Santa Claus, the prison guard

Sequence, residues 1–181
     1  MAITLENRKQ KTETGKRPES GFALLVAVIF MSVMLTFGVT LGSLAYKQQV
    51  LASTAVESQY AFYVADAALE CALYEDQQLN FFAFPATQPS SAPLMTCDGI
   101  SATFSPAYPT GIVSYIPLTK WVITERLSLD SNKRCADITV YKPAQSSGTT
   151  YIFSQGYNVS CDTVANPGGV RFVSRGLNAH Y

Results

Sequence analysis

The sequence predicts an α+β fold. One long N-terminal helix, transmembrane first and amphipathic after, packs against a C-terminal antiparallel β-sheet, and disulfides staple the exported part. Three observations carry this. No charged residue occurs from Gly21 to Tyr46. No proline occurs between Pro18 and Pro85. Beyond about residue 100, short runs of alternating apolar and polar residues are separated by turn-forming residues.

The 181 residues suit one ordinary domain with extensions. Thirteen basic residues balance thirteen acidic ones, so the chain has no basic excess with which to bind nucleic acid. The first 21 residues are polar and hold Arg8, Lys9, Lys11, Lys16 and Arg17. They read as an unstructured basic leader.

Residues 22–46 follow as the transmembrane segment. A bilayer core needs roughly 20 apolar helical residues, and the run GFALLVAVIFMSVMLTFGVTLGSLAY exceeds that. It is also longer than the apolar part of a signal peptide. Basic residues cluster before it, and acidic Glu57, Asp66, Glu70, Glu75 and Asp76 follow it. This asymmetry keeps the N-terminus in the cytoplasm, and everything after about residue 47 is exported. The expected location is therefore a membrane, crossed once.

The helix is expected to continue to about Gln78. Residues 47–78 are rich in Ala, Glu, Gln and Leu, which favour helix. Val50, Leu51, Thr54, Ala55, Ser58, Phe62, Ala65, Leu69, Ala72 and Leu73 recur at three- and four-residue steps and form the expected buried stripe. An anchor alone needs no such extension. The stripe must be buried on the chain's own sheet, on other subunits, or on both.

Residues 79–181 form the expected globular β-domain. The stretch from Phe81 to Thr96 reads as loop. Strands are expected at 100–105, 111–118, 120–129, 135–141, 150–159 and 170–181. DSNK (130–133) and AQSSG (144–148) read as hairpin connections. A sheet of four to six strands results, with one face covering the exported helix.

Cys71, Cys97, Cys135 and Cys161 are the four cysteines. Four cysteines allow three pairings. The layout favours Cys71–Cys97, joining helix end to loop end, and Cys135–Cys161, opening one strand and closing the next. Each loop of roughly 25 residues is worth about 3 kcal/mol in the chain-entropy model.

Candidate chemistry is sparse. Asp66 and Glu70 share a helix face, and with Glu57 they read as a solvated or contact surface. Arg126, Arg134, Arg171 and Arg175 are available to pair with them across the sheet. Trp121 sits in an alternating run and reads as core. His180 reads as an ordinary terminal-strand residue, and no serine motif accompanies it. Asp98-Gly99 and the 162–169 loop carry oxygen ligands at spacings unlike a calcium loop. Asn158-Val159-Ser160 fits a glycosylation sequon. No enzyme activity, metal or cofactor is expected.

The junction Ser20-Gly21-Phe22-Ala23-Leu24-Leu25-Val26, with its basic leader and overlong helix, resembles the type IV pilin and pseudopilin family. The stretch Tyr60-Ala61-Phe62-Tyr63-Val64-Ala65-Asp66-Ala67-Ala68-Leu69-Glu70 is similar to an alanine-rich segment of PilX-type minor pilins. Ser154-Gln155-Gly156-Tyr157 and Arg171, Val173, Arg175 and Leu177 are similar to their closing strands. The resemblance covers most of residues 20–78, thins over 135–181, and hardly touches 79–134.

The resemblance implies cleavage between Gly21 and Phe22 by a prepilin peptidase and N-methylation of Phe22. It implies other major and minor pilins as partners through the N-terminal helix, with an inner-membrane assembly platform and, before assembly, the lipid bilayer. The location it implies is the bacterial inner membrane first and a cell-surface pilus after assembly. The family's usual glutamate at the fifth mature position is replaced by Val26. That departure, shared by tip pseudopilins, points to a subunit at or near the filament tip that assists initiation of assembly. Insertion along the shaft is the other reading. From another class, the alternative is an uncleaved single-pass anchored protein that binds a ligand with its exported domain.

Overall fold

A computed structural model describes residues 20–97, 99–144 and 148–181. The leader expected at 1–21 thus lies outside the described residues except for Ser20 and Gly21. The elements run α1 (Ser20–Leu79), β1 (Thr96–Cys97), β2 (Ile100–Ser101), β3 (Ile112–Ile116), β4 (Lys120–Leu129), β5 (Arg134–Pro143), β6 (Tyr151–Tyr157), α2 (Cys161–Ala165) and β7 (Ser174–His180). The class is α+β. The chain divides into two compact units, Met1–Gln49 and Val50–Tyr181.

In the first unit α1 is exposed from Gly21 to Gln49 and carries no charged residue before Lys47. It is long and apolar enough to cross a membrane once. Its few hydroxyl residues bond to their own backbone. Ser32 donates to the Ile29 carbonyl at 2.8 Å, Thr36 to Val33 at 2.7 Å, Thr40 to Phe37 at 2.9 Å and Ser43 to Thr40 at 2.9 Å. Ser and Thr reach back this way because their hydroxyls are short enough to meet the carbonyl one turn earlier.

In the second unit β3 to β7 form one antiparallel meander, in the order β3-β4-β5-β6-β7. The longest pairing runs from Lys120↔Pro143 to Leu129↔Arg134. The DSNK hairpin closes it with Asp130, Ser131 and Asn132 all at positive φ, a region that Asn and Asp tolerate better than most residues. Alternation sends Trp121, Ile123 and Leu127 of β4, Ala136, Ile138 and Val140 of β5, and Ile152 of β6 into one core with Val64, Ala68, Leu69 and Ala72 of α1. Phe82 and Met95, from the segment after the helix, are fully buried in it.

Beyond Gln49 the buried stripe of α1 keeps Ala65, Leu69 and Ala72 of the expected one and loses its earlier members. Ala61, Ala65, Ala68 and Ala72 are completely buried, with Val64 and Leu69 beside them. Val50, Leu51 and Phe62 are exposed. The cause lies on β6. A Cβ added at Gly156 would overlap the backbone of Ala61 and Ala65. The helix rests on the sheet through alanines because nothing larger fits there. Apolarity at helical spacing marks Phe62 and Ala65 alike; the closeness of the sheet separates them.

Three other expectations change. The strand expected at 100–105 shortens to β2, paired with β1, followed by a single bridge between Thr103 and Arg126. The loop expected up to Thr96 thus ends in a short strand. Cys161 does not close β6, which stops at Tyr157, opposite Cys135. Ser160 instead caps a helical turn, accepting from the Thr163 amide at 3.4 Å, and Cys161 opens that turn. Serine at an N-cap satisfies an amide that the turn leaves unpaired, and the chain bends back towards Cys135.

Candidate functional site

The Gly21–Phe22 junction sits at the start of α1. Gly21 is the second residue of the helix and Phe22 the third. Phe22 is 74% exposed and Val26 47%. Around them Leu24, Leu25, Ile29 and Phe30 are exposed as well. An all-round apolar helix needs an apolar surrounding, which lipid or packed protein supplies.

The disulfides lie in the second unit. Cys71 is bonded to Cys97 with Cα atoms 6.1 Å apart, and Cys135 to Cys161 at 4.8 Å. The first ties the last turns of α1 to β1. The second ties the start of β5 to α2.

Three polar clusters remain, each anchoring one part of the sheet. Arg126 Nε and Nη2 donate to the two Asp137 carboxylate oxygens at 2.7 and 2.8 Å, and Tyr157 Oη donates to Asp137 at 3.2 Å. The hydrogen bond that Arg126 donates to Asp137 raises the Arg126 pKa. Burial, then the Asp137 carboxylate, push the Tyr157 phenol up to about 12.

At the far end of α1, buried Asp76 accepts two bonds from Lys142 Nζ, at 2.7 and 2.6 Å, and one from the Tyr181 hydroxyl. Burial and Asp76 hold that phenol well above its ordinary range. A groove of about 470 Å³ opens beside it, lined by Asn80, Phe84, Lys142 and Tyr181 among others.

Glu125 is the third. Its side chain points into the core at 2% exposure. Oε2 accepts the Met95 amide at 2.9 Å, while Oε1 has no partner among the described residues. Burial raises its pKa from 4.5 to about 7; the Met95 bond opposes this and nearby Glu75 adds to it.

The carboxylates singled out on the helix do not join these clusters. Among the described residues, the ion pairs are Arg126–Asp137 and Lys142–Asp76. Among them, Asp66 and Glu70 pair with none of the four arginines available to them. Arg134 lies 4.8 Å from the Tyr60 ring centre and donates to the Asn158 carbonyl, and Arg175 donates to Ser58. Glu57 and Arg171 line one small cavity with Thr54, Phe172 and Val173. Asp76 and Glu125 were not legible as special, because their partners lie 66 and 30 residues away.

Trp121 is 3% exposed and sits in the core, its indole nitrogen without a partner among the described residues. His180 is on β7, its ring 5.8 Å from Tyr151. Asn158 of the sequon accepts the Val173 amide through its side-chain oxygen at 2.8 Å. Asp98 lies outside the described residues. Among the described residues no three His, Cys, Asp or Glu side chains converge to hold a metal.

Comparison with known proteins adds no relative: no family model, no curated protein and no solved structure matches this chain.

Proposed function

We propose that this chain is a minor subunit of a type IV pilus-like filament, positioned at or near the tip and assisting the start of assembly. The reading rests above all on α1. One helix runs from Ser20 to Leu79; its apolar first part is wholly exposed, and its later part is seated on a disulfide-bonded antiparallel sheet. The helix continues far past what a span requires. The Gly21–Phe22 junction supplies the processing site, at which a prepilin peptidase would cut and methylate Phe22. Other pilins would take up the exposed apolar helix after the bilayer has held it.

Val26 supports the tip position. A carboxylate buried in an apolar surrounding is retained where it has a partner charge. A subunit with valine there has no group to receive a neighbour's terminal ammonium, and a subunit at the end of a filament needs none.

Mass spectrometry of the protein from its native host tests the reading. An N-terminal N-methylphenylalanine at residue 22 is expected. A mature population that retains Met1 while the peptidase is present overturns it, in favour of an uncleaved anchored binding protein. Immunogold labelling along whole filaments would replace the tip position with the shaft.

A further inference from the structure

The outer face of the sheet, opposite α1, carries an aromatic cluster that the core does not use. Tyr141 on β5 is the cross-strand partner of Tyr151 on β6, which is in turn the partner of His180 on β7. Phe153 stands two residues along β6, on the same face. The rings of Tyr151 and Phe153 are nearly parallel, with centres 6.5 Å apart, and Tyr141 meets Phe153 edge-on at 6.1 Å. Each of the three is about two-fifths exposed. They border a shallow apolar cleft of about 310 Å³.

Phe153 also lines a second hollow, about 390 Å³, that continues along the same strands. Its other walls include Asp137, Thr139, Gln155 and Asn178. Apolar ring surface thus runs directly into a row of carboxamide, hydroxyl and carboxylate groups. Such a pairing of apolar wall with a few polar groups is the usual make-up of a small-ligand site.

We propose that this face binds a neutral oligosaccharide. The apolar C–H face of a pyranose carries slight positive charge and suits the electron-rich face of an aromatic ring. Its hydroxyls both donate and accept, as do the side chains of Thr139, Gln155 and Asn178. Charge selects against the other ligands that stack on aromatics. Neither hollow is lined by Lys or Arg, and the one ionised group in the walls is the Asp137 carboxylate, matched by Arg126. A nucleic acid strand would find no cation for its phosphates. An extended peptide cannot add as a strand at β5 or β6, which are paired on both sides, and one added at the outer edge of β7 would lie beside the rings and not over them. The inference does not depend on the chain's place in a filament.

Just how controlling is Santa Claus? The child who behaves is extremely rewarded, once a year, in the form of a mystically jolly old man. Having been a child once myself, I remember just how determined I was to be on the nice list. However, Ryan Anderson on Savage Minds points out just how manipulative this myth can be. Though I’d never thought of it quite like this, Anderson describes in “Panopti-claus: Foucaultian social control for the kiddies” that such a large incentive is a great way to ensure that kids don’t misbehave. I’ve always been personally hung up on the magic and wonder of a flying sleigh and enormous man who somehow knew just what I wanted most in the world and flew ALL the way around the world just to deliver it to me. But Anderson sees it differently. In many Western societies, and especially in the United States, our parents are eager to deceive their children to make them behave. Once you’ve had a few Christmases under your belt, you’re willing to do anything you have to in order to guarantee the arrival of more gifts when December 25th rolls around again. Anderson relates this to Foucault’s study of the panopticon, or a central guard tower in a prison that provides guards with a view of every single inmate, but leaving the prisoners in total ignorance of what the guards can and can’t see. The idea that their every move is being monitored and judged is enough to keep the prisoners in line – and so, with this metaphor, Anderson equates St. Nick to a prison guard and children to inmates.